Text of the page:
Coronavirus Diaries is a series of dispatches exploring how the coronavirus is affecting people’s lives. For the latest public health information, please refer to the Centers for Disease Control and Prevention’s website. For Slate’s coronavirus coverage, click here.
This as-told-to essay is based on a conversation with a woman whose partner is in a New York prison. Slate granted her anonymity to protect against retaliation. The conversation has been transcribed, condensed, and edited for clarity by Aviva Shen.
We’ve been together for three years, and he’s been locked up for two. He’s way upstate in a maximum-security prison right now. It’s the farthest away he’s been from me. Before this crisis, I used to go visit him every week, but now visits are suspended for at least the next month.
Normally, I board the bus in New York City at 10 p.m. the night before the visit and get to the prison by 8 a.m.. They’ll let me in to see him around 10 a.m. I’m usually exhausted from the trip so I’ll just lay on him and take a nap. Some people are like, why would you spend all the time you have together just napping? And honestly, for me, I need that intimacy. So we just kind of spend a lot of time in each other’s presence, not necessarily feeling the need to say anything. It’s important to be able to just put my head on his shoulder, joke around, and have fun. The visit ends around 3. I get on a bus back to the city at 3:15.
It’s a long trip, but I can’t really go too long without seeing him. If I do take a break, it’s only for one week. He’s never pressured me. He used to tell me to take breaks if I needed them, but, I don’t know, I just missed him by the end of the week. Even on a week when I would tell him, I need a break this weekend, I’m not coming to see you, by Thursday, I’d book my trip up already.
It’s been really important to be able to just be with him on those trips. People talk about love languages; mine is quality time. So I have a really hard time when I go extended periods of time without seeing him or hearing from him. Now it’s been a week since I last saw him. [Editor’s note: This conversation took place on Saturday.] I didn’t know they were going to suspend visits, but I had a feeling. I kept telling him, but he was in denial. He was like, “I don’t really want to talk about that. I just want to spend time with you.”
He comforted me because I was crying a little. I was just really afraid that they were going to suspend visits. And I was right. When I walked out of the prison, the officers told us they suspended them. They didn’t have the decency to come into the visitation room and let us know before we left. I probably would have told him, “I miss you, I love you, I’ll see you in a month or so.” He was still talking about me coming next week. I’m just glad I brought him a ton of soap the last time I saw him.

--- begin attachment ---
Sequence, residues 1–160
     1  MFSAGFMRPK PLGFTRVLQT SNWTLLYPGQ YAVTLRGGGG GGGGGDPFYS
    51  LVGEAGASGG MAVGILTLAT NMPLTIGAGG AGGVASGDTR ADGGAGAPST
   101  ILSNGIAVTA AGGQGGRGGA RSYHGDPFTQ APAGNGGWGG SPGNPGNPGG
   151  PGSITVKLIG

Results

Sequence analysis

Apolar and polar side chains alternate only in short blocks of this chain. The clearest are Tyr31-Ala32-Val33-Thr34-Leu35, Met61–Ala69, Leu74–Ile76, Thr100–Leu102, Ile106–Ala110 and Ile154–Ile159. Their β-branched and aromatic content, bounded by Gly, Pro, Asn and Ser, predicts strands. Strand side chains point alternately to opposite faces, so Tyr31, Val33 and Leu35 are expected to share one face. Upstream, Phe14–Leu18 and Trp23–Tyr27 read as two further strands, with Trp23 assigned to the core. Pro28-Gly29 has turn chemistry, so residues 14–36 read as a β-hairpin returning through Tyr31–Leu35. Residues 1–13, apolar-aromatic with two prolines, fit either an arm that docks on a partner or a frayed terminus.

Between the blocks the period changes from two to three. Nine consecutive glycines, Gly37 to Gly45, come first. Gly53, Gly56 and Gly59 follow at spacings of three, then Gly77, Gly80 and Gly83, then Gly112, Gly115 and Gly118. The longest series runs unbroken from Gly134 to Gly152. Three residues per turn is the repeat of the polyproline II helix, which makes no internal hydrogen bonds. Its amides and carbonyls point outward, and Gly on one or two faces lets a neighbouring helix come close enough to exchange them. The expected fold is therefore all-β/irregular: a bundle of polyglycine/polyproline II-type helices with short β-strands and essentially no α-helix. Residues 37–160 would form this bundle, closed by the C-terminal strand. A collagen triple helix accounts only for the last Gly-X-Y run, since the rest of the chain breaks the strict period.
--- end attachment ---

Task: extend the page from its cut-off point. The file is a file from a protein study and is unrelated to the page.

On the one hand, I know that this is probably for the best, that I’m not cooped up with 12 people in a van right now. I could be carrying it and be asymptomatic and be in contact with somebody who’s immunocompromised. There are a lot of parents and grandparents on these vans. And there are people who could give it to me. I could end up on a visit and then he’d get sick, which means everybody else around gets sick, and it could just escalate.
The thing about the visit suspension that really gets to me, though, is that the prison doesn’t seem to be doing anything else to make sure it doesn’t get inside. It’s one thing to suspend visitation, it’s another thing to suspend visitation without doing anything else. They don’t have any adequate supplies, and even if they did I honestly don’t think they would care to actually make sure somebody was OK. I know if folks are really badly hurt or really sick, then they send them to an outside hospital with a prison ward in it. But I don’t know if they would do that for COVID. I don’t believe there are any adequate preventive measures that are being taken. If it gets into that facility, it will spread like wildfire, and a lot of the older, more vulnerable people will really be at risk.
I’m most afraid they will go on a full lockdown, which would mean he couldn’t call me. If he can still call me every day or write me, that’s all right. I’ve never gone without seeing him or hearing his voice for more than a week. I have friends who are going through the same thing right now, people I met on the van, so it helps to talk to them about it.
Now we talk on the phone for a few minutes every day. It seems like things are changing up day by day. They’re not allowed to go outside in the yard anymore, and they’re separating people a bit farther apart when they go to eat in the mess hall. But in general, I haven’t heard that they’re switching up the routine, which is concerning.
I worry about him on many levels. He is generally super fit and healthy, but as a kid, he had asthma, so who knows what could happen if he tests positive. I’m also hearing from other people with loved ones in other facilities that the risk of retaliation is extra high right now. I also heard from a friend that the facility that her husband is at will just cut off the phone if he even mentioned what’s going on in response to COVID. They’ll terminate their call. Those are rumors, but people are obviously trying to avoid talking about this so they don’t get cut off from their calls. So I’m worried about him getting in trouble for no reason. That happens anyway, but obviously the risk is even higher right now for folks to be sent into solitary confinement.
I’m also just generally worried, as somebody in a romantic relationship, what this does to a relationship, if you don’t really have consistent contact for one or two months. Nowadays if I go 24 hours without hearing from him, I just start to panic. I’m almost at that point now. Hopefully I hear something from him soon.